Further, setting aside single judge Order, it was held that the defendants/respondents trademark OMEX was deceptively similar to registered trademark MEX of the plaintiff/appellant. It was held that the addition of the letter 'O' to 'MEX' by the respondents makes no difference at all. Defendant was restrained from using the mark also noticing that the defendants were also in the same area of business activity and trade. [Mex Switchgears v. Omex Cables FAO(OS) 267/2017 & CM No. 36340/2017, decided on 3-82018, Delhi High court]
IPAB can hear copyright matter in absence of Member Copyright
The Delhi High Court has held that though it may be apposite for the government to appoint Member Technical (Copyright), a vacancy in this regard does not impinges upon jurisdiction of the Act. Setting aside the Order passed by Registrar IPAB, the Court observed that the Copyright Rules, providing for composition of Copyright Board, serve no purpose after amendment by the Finance Act 2017 with effect from 26-5-2017. It was noted that Copyright Act, itself, does no longer provide for constitution of a Copyright Board. The court was of the view that Appellate Board constituted under Section 83 of the Trademarks Act would also have jurisdiction to perform functions under the Copyright Act. [Radio Next Webcastion v. UOI Order dated 27-9-2018 in W.P.(C) 5893/2018 & C.M. No. 22982/2018, 32754/2018]
Posting copyrighted photo from freely accessible website, on another site
Court of Justice of the European Union has held that the inclusion of a work, which is freely accessible to all internet users on a third-party website with consent of copyright holder, on a person's own publicly accessible website, constitutes 'making available of that work to the public'. CJEU in Land NordrheinWestfalen v. Dirk Renckhoff noted that the work was first copied onto a server and then uploaded on another website, and hence constituted making available same to new public. It also noted that if the holder of the copyright decides not to continue the communication of his work on the website on which it was initially communicated with his consent, the work would still remain available on the website in which it has been newly posted, thereby effectively nullifying the Author's right to end the exploitation of the work.
Trademark when cannot be indicative of geographical origin of goods/service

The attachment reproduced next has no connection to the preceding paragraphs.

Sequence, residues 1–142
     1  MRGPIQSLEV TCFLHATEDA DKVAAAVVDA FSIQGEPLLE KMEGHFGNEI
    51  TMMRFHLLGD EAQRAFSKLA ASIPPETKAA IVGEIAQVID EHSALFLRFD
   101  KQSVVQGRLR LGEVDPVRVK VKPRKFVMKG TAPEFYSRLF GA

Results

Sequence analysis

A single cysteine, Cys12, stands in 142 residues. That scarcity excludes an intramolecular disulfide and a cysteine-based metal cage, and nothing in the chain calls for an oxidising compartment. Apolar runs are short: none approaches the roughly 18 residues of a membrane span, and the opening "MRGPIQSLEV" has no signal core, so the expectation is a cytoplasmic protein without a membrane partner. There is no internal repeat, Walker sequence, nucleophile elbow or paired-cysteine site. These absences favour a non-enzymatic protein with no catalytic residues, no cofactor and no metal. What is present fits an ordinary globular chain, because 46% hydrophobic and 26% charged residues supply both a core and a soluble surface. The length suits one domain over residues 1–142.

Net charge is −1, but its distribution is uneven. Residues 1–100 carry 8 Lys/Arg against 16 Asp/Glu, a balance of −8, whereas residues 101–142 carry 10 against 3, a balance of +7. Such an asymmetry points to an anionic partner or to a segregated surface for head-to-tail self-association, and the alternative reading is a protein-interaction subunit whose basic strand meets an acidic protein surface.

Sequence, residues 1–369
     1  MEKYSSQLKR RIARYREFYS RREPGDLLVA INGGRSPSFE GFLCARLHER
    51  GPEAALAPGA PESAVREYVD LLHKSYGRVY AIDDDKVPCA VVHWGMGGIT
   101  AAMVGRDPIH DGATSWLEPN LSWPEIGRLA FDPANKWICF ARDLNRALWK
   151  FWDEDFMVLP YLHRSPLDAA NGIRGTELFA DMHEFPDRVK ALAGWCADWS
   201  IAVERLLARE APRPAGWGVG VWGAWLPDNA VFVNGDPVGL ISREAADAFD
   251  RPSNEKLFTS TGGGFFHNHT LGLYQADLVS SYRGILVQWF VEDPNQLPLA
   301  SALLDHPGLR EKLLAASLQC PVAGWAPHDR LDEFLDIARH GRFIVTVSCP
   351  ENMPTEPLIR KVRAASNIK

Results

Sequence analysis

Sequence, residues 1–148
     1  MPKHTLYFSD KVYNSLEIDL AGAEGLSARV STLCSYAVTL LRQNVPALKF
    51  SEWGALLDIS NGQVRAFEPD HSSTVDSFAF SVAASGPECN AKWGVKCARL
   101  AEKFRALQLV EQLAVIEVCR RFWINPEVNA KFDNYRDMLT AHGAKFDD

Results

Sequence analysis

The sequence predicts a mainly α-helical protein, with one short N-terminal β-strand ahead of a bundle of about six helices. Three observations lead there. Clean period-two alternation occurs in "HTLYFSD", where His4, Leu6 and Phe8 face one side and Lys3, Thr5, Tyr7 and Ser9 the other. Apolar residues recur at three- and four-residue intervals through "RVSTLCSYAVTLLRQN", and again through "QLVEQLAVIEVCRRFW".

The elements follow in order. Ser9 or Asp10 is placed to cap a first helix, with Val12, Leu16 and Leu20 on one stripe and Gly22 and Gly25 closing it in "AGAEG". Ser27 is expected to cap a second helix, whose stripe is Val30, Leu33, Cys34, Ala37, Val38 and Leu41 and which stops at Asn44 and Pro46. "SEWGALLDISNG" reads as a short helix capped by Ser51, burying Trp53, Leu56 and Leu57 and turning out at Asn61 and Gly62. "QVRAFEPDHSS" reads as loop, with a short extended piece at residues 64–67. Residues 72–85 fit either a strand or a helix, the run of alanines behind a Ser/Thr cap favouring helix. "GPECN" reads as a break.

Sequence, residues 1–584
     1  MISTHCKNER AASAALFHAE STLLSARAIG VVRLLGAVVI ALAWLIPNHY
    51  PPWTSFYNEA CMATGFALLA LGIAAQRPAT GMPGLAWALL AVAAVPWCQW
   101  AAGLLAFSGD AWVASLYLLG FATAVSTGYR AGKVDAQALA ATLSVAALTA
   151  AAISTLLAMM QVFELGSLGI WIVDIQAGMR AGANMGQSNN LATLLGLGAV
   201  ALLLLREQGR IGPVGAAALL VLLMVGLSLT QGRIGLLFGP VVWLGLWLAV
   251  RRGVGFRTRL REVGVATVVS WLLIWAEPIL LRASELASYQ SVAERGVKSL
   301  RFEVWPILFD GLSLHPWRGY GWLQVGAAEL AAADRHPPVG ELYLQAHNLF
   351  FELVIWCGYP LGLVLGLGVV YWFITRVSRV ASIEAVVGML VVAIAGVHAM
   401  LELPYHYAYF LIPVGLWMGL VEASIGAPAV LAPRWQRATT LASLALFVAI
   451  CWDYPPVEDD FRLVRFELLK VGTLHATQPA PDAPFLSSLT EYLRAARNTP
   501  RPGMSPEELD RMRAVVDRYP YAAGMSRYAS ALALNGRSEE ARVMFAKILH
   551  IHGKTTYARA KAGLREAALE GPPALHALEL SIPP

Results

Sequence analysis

Court of Justice of the European Union has held that word sign 'Neuschwanstein' designating the castle bearing that name could not be indicative of geographical origin of the goods and services it covers. It observed that the castle was famous not for the souvenir items it sells or the services it offers, but for its unusual architecture. The Court in Bundesverband Souvenir v. EUIPO held that it could not be said that in the mind of relevant public, the place of marketing was as such a description of quality or essential characteristic of the goods and services covered by the said trade mark. The appellant had sought appeal against General Court Order dismissing action seeking annulment of the decision of the EUIPO in invalidity proceedings.
Interim relief denied against use of words DON'T BE A BAKRA in advertisement
The Delhi High Court has allowed defendants' to continue with use of words DON'T BE A BAKRA in an advertisement which was alleged to be disparaging plaintiffs' advertisement and giving impression to public that plaintiffs are fooling them with false promises. It observed that use of said words does not refer to plaintiffs and denigrate plaintiffs' services. The Court in Global Car v. Droom Technology noted that on settlement with plaintiffs', defendant had given up colour combination, font and style of tagline Car Becho Sahi Price Mein and posture of their mascot.
Trademark infringement - Bombay HC imposes exemplary costs
Observing that the defendant was a habitual offender, copying trademarks of pharmaceutical products of well-known companies, Bombay High Court has imposed a huge cost of Rs. 15 million. Court also took note of the fact that goods were not of standard quality. The court in Glenmark Pharmaceuticals Ltd. v. Curetech Skincare observed that pharmaceutical companies have greater responsibility before public. Directing all Directors to give undertaking, court noted that the conduct of the defendant was not only dishonest but audacious.
Visual, phonetic and conceptual similarity in 'Seven' and 'Sevenfriday'
In a case involving comparison of marks SEVEN and SEVENFRIDAY, CJEU has held that the existence of similarity between two marks does not presuppose that their common component forms dominant element. The Court in Sevenfriday AG v. EUIPO observed that though the consumer generally pays greater attention to the beginning of a mark, both parts should be taken into consideration for comparison. Observing that there was average degree of visual, phonetic and conceptual similarity between the marks, it was held that there was likelihood of confusion on the part of the relevant public.